God is no less interested in working in our lives than God was working with that tree, the tree in the middle of the garden or the bush at the end of our driveway. God is not less interested in working through our relationships, our days and night, our work and rest, to reveal the kingdom of God throughout the world in our time.
2021 is a call for the church, our church, every church to see the ordinary elements of our work and rest and the relationships that we already have established to be open to God’s revealing the Kingdom today.
In review, what has God seen us do this week that reveals God’s presence? Are our words, thoughts, and actions reflecting God’s presence, God’s patience, God’s power, and God’s plan — or have we done a better job of reflecting our own understanding, our own expectations, and our own goals?
Both Philip and Nathanael have different talents. God uses each of us in different ways, but the core, our starting point comes in recognizing that God’s Spirit is with us, and is longing to love us and work through us to bless the whole world.
2020 the church faced the greatest threat of being not relevant than ever in our lifetimes. We have clearly been labeled as non-essential workers. I’m not trying to make a political statement, I am clearly making a spiritual statement. In our collective lifetime, we have not been instructed to close our doors. Recall our motto was once, “Open Doors..” The threat of pandemic has made it easier to not gather for Christian fellowship, to NOT share our questions and stories of faith in the study; it has made it easier to occupy our time and interest in other activities.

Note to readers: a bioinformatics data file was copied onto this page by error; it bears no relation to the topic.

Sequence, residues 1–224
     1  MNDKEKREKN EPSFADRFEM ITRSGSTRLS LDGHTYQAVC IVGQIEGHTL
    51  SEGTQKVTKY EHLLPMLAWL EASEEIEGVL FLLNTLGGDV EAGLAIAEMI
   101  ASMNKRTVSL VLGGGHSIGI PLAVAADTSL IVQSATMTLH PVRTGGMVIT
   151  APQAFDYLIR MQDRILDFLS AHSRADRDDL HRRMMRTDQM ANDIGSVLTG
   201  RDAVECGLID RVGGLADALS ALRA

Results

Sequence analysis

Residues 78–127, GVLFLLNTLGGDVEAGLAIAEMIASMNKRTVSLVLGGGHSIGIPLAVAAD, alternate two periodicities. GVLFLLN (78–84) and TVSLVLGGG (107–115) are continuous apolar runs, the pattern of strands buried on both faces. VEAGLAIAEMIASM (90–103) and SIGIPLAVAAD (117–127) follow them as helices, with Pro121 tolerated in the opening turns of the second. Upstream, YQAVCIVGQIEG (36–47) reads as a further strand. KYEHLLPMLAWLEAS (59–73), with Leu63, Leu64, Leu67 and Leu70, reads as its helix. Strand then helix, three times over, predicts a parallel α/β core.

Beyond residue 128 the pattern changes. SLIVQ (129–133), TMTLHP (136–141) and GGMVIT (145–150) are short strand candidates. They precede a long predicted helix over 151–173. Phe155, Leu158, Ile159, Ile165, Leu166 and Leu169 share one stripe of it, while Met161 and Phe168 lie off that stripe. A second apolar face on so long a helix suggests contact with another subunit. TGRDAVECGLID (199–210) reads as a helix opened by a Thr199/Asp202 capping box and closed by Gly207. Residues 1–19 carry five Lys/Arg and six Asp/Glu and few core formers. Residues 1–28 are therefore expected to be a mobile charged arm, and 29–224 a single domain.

When the pandemic started, if you were listening, your pastor/preacher reminded that this would be a time to spend more effort in prayer, study, and spiritual preparation. For some of us, 2020 was a good excuse to be sitting under the safe shade of a fig tree and not risk the heat of the day. We have grown more comfortable expending less in being the church in the name of safety.
We have tried to be innovative and creative, but the question comes to us: for a world that is starving for faith, security, peace, hope, trust, truth, love, and grace — have we been eating figs under the shade of the tree to prepare us for what is next, or simply to get by, be safe, be contented.
Nathanael’s ‘call’ story is as convicting for us as it was for him. Philip and Nathanael have a similar story to the familiar story of Mary and Martha. Both of those sisters had great talents and skillsets; Mary’s were needed more at one time, while Martha’s at a different time.
2020 was our retreat under the fig tree. 2021 is our call to reach out to those we know and those we are called to reach out to bring people to the love, truth, and heart of Christ for themselves.
Take this week to begin a list of persons that God might be calling you to reach, invite, call, and bless.
Take this week to move from the silent prayers of homes and hearts, into the conversation with share with others that they might clearly experience God’s Spirit working in their own lives.
2020 might been names Nathanael. 2021 is Philip. The year of stepping out of the shade, away from the figs, and into each other’s hearts.